It's the Friday before the big neighborhood yard sale in the Fairmount area of Fort Worth. But rather than talking about all the good deals they'll find, the Suasnovar family is talking about what they consider a bad deal that just showed up in the mail.
"It's discouraging," said homeowner Leah Suasnovar.
On April 1, the Tarrant Appraisal District (TAD), mailed out their annual property value notices, and the letter hit Suasnovar like a ton of bricks. Her 100-year-old, two-bedroom, one-bathroom home, valued last year at $92,401. This year the appraisal jumped to $158,251, which could mean, among other things, higher taxes.
"I know it's a necessary evil but explain to me an increase of $70,000 in one year when I haven't done anything to my house," Suasnovar said.
Blame the hot real estate market, said TAD's chief appraiser Jeff Law. There's less than a two-month supply of homes in Tarrant County right now, TAD says on its web site, so property values are going up, especially in lower-priced homes. Homes are, on average, up about 8 to 10 percent, Law said. This coming after a 2016 that saw a record 102,000 homeowners protest their home values.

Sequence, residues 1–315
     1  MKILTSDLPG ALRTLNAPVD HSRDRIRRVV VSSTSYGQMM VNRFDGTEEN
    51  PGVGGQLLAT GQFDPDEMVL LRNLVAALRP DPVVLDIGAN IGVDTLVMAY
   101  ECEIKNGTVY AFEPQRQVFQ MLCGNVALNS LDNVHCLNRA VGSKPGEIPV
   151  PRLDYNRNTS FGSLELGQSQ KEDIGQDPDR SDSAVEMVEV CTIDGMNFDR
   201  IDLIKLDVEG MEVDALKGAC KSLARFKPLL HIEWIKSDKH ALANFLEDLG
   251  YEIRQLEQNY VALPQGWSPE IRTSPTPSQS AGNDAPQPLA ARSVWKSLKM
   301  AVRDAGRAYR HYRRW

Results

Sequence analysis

Carey Rose was among them.
"We purchased our home just about three years ago for $140,000," she said. "And now, supposedly, it's valued at $265,000. That doesn't equate."
She said her increased home value led to higher taxes and issues with her escrow.
"We just hope we can afford it long term because we don't want to go anywhere," Rose said. "But if this continues, we may have to… and that's really sad."
"People are definitely getting priced out of their own homes," Suasnovar echoed.
So Suasnovar will protest her home's values and hope she doesn't become one of those people.
"Cross your fingers," she said with a laugh.
May 31 is the deadline for filing a protest. You can do so in person or online. Law says just under 1,300 people have filed protests since the appraisals went out less than a week ago.